Swimtime (The Bay, 2012)
So, Barry Levison (director of Rain Man, Good Morning Vietnam) decided it was time to dip horror waters. Interestingly, he opted to go with the found footage format. Found footage is risky, because it can be hard to stand apart. I give Levison a lot of credit for making the choice he did.
The Bay opts for a “science gone wrong” theme that seems relatively uncommon for found footage. It is presented as a compilation of footage collected by a reporter who witnessed the events. This gives Levison a lot a freedom in telling the story. The reporter is able to narrate the film, more in a documentary format.
The story begins with a series of footage regarding the strange phenomenon of the passed several years ( masses of dead fish, dead birds falling from the sky, etc). The film states that while the news covered those stories, it never told this one.
We are introduced to a small town celebrating the 4th of July. There is celebrating, but slowly, people are going to the ER with rashes. In addition, two scientists who were doing research in the bay have washed ashore, mauled by…something.
As the day progresses, more and more people end up in the hospital, citizens complain of intense pain. We discover that mutated isopods are infecting people and eating them from the inside out. There is a terrific moment where the reporter the film is centered on shows us footage taken after people have evacuated the streets. As she is attempting to make a report and then, in the distance hear an inhuman howling. It is effectively creepy.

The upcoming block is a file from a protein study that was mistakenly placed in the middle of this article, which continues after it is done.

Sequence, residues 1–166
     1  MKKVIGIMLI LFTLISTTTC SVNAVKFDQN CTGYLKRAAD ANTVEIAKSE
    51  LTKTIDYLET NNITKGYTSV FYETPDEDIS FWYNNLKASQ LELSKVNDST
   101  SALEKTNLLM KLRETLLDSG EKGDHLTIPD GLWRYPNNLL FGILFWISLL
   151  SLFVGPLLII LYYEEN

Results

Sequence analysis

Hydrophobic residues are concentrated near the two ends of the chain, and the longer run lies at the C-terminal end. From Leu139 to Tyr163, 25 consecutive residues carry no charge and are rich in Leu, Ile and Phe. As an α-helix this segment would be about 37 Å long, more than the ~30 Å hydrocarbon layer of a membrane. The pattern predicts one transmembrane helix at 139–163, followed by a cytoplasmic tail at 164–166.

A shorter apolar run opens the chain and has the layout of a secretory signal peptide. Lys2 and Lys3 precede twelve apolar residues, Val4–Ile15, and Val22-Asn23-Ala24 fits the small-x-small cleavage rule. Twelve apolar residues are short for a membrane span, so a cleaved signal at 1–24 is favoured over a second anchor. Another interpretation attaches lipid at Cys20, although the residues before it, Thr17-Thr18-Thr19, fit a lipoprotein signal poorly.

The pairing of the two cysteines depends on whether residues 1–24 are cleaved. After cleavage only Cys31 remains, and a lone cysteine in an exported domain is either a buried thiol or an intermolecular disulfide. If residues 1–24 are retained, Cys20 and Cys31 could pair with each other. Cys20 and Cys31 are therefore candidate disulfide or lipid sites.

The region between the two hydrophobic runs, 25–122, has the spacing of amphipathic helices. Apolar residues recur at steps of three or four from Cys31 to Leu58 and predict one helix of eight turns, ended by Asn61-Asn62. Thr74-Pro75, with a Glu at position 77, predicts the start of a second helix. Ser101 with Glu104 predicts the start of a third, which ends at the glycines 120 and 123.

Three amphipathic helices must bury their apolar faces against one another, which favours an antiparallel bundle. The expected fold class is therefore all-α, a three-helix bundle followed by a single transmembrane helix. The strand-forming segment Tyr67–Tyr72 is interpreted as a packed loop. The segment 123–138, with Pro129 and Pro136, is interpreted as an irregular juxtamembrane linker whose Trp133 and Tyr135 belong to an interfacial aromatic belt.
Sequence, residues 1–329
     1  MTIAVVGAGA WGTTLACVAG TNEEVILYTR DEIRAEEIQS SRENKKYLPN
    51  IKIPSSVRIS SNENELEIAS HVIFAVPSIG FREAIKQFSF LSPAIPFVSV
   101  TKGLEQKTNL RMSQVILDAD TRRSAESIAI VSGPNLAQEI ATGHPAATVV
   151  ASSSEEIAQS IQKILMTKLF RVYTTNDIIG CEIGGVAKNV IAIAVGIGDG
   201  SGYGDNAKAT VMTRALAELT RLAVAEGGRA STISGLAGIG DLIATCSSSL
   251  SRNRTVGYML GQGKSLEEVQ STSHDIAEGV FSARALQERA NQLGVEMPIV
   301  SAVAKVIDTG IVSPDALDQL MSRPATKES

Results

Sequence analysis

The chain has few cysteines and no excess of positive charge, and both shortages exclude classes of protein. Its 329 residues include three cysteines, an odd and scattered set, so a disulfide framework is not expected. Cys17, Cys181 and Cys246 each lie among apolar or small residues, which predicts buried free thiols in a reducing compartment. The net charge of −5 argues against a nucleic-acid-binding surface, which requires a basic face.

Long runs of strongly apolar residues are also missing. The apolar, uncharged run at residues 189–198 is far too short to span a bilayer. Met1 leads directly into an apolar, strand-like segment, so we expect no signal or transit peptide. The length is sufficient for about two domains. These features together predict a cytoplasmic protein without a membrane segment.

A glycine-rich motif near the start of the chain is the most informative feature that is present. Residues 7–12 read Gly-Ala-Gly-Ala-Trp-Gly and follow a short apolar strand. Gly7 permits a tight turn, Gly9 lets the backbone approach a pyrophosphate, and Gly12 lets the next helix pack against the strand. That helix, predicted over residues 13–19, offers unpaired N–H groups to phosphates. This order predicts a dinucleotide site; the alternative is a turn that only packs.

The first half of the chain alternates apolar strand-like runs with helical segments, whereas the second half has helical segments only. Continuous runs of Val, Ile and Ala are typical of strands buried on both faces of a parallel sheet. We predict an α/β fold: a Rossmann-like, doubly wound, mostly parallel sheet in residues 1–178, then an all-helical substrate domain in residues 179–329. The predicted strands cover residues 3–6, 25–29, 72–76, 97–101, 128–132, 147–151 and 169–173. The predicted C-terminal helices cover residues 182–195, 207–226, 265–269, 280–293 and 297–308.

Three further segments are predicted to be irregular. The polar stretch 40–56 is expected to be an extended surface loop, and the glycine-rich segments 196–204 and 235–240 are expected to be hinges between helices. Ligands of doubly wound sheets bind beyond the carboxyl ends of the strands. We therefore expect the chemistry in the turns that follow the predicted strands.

The format allows exposition, as we get to see hospital footage and sky conversations between the doctor trying to solve the problem and the CFDC, as well as news footage, police cruiser footage and home movies.
I appreciated the filmmaker’s starting with something quite real and gruesome(isopods that eat a fishes tongues and then live in their mouths as a faux tongue) and then tweak it. It beats yet another haunted asylum. I found the film pretty effective and interesting to follow.
While the majority of the film worked, I felt the end kind of fell flat. It just seemed to end, we get some text telling us about the clean up and cover-up, but it seems like to important part of the story, deserving more than a brief bit of text.
Levison does a nice job overall, spicing the story up, knowing when to keep us in the dark and when to illuminate the viewer. In spite of my disappointment with the end, the overall film make for an entertaining watch.